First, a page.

1. EU new Data Act on IoT data

The new Act deals with new technologies such as data accrued from IoT systems of which currently 80% goes unused. The EU predicted the amount of data produced from such systems will increase fifteen-fold by 2030 and the new legislation aims to put systems in place to record retain and reuse that data. The data can be used for traffic control, infrastructure maintenance and health services. There will be standards regarding data format for interoperability and users will have free right of access including third parties. SMEs and micro businesses are excluded from the data access and so will have to rely on large companies to access the data. The data will be subject to GDPR. Third countries can only access the data by international agreement. You can read the Act here.

2. Life Sciences set to explode in UK

Life Sciences set to explode in UK credit jaron-nix via unsplash

The UK Medicines and Healthcare Regulator Authority (MHRA) has released draft guidance on using real world data in trials to support decisions by the regulator. Gene Cell Treatments (GCTs) are seen to be the next big area in pharmaceuticals. The UK excels in the areas of gene therapies and treatments with more than 70 companies working in this area in the UK with the industry predicted to be worth £10 billion by 2035. Combined with accelerators and centres of excellence such as Cambridge, Stevenage Biosciences Catalyst and Autolus Therapeutics. To deal with the fast moving innovations in this area in the next year we expect to see UK policy and regulation changes in areas such as funding, tax, use of data, clinical trials, medical devices and the use of artificial intelligence tools. The UK Government has committed to a goal to increase annual public investment on R&D to a record £22 billion and itself pledged £200 million through the British Business Bank’s Life Sciences Investment Programme.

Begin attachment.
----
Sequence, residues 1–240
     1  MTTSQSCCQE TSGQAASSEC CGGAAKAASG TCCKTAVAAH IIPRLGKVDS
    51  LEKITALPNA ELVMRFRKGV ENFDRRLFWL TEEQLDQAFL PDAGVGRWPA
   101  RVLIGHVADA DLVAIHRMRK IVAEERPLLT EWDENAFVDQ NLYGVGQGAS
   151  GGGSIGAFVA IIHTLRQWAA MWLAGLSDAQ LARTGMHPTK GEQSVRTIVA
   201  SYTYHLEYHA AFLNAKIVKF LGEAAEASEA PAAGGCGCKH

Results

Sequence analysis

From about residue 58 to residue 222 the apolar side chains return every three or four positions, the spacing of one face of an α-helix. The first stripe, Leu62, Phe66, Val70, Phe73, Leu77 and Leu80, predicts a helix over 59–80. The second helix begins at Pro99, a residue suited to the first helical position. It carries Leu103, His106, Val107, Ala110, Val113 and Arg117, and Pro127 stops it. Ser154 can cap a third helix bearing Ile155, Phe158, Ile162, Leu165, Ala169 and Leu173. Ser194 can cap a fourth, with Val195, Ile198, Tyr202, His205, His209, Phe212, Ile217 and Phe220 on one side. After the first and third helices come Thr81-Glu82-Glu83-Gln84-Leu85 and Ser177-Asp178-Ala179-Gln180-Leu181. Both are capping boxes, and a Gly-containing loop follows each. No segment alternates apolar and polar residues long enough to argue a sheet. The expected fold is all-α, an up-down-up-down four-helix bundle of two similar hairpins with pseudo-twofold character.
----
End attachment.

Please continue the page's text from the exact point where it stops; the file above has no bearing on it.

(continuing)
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3. Philippines encourages foreign investment with legislation change

Philippines encourages foreign investment with legislation change credit gino-via unsplash

Philippines: amendments to the Foreign Investments Act that loosened regulations on foreign investors has boosted the country’s economic status, says the Philippines Trade department. the new law aims to ‘open up’ the economy and get rid of restrictions that made foreign investment difficult previously. The new law aims to improve competitiveness, create jobs, boost manufacturing and generate higher value-added products from agriculture and natural resources, benefits which all flow down to the consumer.

4. US Ireland relationship bullish

The US increased its number of companies operating in Ireland from 800 in 2020 to 900 in 2021 spending an average of €12.3 billion on payroll, €8.8 billion on goods and services, and invest €6.5 billion in capital expenditure per year. Around 100,000 people in Ireland are employed by American companies and invest a collective US$165bn in Ireland. Although the global OECD corporate tax agreement was thought to dampen US appetites to invest in Ireland it does not seem to have taken effect on sentiment yet.


5. Chart topping investment in Chile

Chart topping investment in Chile credit caio-silva-via unsplash

Investment in Chile reached $17 billion in 2021 a record 6 year high, 62% higher than the 6-year average and 97% higher than the previous year with a further 10-15% predicted for the next year. The result beat all the predictions even with the pandemic-induced drop of 40%. January traded well and the upward growth is projected to continue.